Kyrgyzstan: Unhappy Uzbeks Side With Protestors

The conservative Uzbek minority is showing its support for anti-government demonstrations sweeping the country.

Kyrgyzstan: Unhappy Uzbeks Side With Protestors

The conservative Uzbek minority is showing its support for anti-government demonstrations sweeping the country.

The march on Jalal-Abad.
Outskirts of Jalal-Abad.
Outskirts of Jalal-Abad.
Centre of Jalal-Abad.
Centre of Jalal-Abad. Photos by freelance photographer Filip Noubel based in Osh, South Kyrgyzstan.

Kyrgyzstan's alienated ethnic Uzbek population has been stirred up by a wave of anti-government protests in the south of the country.

This traditionally conservative minority's support for the demonstrations is a new headache for embattled Kyrgyz president Askar Akaev, who has since rushed to offer concessions to the community.

Thousands of Kyrgyz demonstrators are marching across the country after an incident in March, when several people were killed by police at an Aksy protest rally in support of popular deputy Azimbek Beknazarov, who was briefly jailed for criticising the president.

While the majority of those involved in the march are Kyrgyz, many Uzbeks have been showing their support by offering marchers food and drink on their journey.

Uzbeks are the largest ethnic minority in Kyrgyzstan, comprising almost 20 per cent of the population, and live mainly in the south of the country.

Oskon Kenjetaev, who took part in the recent Tash-Kumyr to Jalal-Abad march, told IWPR how Uzbeks had come out of their homes with tea and cakes for the protestors.

Chinara Abduvalieva, one of the protest leaders, said that although the Uzbeks had not yet joined in the rallies, "their sympathy is a great support. Uzbeks have shown unity with us, and that their hearts ache with ours".

Although the government offered concessions, such as the sacking of the interior minister and reform of the state-run media that had strongly supported the police's version of the Aksy events, the discontent shows no sign of going away.

The Uzbek support has come as a surprise. The community has no close links to Beknazarov, an ethnic Kyrgyz, while Uzbeks are generally seen as conservative and law-abiding.

Moreover, there were clashes between the two communities as recently as 1990 in the Fergana valley, although many suspect that these were orchestrated by the secret police using "divide and rule" tactics.

The Uzbeks appear to have been drawn into the protest movement through resentment and anger. They share the poverty of their Kyrgyz neighbours but have a further grievance over alleged under-representation in the government.

Azamjan Akbarov, leader of the mainly Uzbek National Unity and Agreement party, PNES, has complained that there are no Uzbek faces in the new cabinet. "This can't be a coincidence. There can only be one explanation - it is racial discrimination," he said.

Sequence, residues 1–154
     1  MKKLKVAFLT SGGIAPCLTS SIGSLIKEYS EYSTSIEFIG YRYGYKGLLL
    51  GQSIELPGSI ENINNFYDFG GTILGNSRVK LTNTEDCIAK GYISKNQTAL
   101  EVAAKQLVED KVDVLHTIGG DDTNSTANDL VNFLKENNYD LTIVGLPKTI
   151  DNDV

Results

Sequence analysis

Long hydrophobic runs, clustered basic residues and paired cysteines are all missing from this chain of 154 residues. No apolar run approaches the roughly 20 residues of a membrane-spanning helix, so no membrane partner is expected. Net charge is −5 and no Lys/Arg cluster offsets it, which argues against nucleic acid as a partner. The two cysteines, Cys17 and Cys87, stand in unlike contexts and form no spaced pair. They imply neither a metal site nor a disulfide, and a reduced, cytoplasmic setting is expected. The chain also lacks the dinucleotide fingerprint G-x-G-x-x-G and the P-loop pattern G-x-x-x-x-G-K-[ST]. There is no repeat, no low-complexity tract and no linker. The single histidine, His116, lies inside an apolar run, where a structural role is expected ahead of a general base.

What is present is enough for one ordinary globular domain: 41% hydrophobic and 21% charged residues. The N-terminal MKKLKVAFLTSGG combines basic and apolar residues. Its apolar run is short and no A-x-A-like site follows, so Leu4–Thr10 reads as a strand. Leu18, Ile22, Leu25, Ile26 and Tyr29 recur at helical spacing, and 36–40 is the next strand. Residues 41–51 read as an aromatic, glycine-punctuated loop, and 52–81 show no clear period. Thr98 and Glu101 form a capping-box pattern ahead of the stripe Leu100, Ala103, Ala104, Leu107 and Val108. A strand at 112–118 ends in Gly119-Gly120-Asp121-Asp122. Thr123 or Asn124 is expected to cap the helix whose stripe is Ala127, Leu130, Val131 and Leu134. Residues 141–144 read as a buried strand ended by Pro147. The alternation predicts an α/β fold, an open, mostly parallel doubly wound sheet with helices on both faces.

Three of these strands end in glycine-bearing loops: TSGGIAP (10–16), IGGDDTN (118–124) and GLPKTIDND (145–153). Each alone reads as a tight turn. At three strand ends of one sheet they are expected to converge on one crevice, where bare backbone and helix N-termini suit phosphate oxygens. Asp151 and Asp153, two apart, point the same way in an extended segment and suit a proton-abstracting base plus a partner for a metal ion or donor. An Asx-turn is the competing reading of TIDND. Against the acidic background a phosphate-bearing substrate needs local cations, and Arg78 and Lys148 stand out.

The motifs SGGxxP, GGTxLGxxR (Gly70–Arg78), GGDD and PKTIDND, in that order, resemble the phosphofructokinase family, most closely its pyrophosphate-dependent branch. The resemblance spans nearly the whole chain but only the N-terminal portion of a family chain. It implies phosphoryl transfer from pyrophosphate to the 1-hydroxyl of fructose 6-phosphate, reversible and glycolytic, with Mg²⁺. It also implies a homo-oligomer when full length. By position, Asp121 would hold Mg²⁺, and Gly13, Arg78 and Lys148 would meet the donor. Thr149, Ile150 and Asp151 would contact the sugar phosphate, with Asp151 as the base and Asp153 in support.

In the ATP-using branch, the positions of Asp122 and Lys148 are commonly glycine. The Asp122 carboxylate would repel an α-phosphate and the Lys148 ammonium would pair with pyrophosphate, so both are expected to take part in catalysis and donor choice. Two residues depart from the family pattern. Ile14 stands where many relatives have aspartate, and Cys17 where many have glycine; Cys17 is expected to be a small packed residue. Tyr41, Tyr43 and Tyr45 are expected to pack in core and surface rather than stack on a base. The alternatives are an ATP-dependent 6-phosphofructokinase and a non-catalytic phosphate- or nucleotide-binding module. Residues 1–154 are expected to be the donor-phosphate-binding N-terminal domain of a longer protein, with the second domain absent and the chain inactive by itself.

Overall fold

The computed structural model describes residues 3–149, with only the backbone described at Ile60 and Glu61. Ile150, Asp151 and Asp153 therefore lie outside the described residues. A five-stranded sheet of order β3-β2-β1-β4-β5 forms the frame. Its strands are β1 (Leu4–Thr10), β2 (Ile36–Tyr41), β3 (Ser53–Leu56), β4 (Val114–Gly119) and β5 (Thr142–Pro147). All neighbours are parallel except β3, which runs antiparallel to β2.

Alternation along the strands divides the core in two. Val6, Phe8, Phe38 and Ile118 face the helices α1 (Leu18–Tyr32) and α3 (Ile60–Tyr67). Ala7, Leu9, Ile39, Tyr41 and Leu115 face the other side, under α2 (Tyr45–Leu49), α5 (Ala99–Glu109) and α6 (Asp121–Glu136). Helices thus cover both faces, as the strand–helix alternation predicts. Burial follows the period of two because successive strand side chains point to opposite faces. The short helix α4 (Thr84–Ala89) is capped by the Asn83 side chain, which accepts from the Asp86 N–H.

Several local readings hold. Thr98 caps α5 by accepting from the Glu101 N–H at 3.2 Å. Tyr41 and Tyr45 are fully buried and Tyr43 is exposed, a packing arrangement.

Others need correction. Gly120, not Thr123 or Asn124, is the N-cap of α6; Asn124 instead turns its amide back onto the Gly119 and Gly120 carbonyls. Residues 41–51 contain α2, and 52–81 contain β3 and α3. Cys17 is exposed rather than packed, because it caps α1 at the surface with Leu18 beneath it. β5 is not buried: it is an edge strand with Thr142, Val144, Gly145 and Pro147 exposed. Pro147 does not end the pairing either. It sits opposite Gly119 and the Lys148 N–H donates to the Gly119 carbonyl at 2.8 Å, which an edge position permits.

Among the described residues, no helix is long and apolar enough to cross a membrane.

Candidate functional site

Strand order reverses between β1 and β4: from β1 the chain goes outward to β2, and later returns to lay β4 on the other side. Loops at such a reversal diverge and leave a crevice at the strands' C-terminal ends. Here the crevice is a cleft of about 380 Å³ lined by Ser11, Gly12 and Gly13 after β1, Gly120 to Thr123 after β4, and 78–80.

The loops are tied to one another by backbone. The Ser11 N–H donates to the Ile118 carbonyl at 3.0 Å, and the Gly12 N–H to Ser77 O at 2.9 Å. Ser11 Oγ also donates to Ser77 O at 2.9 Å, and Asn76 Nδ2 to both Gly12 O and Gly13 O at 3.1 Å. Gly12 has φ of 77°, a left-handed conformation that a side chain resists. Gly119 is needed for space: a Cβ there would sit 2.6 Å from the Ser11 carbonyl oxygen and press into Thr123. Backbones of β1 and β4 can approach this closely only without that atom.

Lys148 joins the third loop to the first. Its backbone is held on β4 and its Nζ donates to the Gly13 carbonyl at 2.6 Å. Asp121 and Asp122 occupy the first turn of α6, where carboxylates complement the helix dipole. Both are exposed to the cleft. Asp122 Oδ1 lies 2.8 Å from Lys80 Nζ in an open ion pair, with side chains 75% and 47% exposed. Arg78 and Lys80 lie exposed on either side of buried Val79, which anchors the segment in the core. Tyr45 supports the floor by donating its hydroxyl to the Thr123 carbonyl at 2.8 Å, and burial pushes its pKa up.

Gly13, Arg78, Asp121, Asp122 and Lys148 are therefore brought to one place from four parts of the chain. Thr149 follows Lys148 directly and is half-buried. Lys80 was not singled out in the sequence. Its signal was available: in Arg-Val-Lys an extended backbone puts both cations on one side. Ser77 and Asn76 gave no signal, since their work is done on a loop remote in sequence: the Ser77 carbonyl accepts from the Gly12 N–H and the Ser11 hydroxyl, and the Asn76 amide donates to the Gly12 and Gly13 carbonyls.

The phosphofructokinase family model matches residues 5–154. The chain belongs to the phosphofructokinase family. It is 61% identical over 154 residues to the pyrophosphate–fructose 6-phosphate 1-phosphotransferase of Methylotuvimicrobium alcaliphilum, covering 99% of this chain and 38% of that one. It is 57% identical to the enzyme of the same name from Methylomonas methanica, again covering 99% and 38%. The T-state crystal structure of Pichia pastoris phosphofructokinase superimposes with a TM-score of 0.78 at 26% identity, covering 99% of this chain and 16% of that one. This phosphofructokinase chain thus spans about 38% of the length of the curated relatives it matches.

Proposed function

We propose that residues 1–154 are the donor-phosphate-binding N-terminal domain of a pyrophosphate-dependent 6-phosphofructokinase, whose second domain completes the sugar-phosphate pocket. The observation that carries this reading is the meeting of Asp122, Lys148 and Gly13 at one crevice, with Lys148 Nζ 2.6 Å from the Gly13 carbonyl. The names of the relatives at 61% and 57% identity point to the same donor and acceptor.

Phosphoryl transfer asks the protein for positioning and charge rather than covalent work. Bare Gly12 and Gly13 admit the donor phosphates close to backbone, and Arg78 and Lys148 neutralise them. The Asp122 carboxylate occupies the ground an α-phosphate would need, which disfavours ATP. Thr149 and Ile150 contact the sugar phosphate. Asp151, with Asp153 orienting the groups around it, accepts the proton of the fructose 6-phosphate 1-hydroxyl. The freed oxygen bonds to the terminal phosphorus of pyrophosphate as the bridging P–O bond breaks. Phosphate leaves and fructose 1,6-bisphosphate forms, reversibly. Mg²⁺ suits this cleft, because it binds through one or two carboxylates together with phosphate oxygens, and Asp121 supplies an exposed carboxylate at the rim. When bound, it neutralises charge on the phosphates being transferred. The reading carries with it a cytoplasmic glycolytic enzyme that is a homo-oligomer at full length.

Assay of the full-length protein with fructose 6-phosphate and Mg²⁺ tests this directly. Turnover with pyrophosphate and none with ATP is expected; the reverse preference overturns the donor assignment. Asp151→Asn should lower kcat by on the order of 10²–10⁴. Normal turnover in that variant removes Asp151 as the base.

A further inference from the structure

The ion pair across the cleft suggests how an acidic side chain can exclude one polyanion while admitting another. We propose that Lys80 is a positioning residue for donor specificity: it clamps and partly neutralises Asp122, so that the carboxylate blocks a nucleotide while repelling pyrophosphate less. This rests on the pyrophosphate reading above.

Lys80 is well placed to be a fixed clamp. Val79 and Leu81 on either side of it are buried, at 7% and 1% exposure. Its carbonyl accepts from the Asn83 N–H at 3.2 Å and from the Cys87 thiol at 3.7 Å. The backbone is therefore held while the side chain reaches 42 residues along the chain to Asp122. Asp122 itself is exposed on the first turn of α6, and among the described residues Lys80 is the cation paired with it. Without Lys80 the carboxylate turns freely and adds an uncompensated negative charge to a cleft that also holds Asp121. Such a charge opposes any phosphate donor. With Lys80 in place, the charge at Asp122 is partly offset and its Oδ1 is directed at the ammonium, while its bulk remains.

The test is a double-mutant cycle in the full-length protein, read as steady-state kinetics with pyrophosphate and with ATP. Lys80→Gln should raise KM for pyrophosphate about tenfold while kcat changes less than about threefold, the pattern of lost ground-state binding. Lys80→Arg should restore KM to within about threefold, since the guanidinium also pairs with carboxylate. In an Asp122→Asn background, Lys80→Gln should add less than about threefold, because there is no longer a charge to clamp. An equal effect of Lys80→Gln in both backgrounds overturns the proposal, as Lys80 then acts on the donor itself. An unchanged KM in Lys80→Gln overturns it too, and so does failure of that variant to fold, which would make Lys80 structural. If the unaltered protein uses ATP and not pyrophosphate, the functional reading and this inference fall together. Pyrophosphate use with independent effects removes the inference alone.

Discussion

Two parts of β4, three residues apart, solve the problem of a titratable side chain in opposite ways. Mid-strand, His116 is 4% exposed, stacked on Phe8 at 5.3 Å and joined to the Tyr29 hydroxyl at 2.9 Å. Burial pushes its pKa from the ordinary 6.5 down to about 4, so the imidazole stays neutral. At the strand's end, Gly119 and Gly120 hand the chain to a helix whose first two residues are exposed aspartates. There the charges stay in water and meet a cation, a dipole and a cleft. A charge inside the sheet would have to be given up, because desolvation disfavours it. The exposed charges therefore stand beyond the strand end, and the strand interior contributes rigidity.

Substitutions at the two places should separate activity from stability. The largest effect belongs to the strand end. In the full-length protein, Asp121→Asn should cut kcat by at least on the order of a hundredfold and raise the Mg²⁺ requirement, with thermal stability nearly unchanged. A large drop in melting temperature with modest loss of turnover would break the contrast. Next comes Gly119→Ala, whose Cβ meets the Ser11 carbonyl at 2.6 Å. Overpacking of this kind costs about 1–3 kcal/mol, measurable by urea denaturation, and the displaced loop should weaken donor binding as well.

However, he told IWPR that he had warned his compatriots against joining the protest movement in the south. "I tried to explain to them that this could have undesirable consequences. People still remember the events of 12 years ago, when there was an inter-ethnic war," he said.

Uzbek community leaders recently announced they would hold their own rally in Jalal-Abad on June 23, the day that Beknazarov's supporters plan to stage their latest protest.

One Uzbek representative, Kadyrjan Batyrov, insisted the meeting was unconnected to the Kyrgyz protest. "But this doesn't mean Uzbeks do not sympathise with them because we all have the same problems," he said.

Batyrov said that an Uzbek delegation had met the head of state to lobby for greater representation on the eve of the 2000 presidential elections, "We asked the president be careful in his selection of the local governors. But our opinion was not taken into consideration."

Akbarov claimed it was an open secret that government posts were awarded to those who "paid the largest bribes".

"Everyone in the government is Kyrgyz. Are there no worthy people of other nationalities? If this issue is not dealt with the consequences cannot be predicted," he said.

The government has recently announced that three Uzbeks will be promoted to leading government positions, possibly to ensure the community's grievances will not push it into an alliance with the Kyrgyz protestors.

This tactic seems to have paid off. Uzbek leaders later announced that the June 23 protest in Jalal-Abad had been postponed.

However, it may be too late to keep the ethnic Uzbeks from supporting their neighbours.

"The protestors are not only demanding Beknazarov's acquittal," said Alimjan Saliev, an Uzbek minibus driver in Jalal-Abad. "Their grievances are all related to the current difficult situation in this country. If they ask me, I will definitely help them."

Ulugbek Babakulov is a human rights activist

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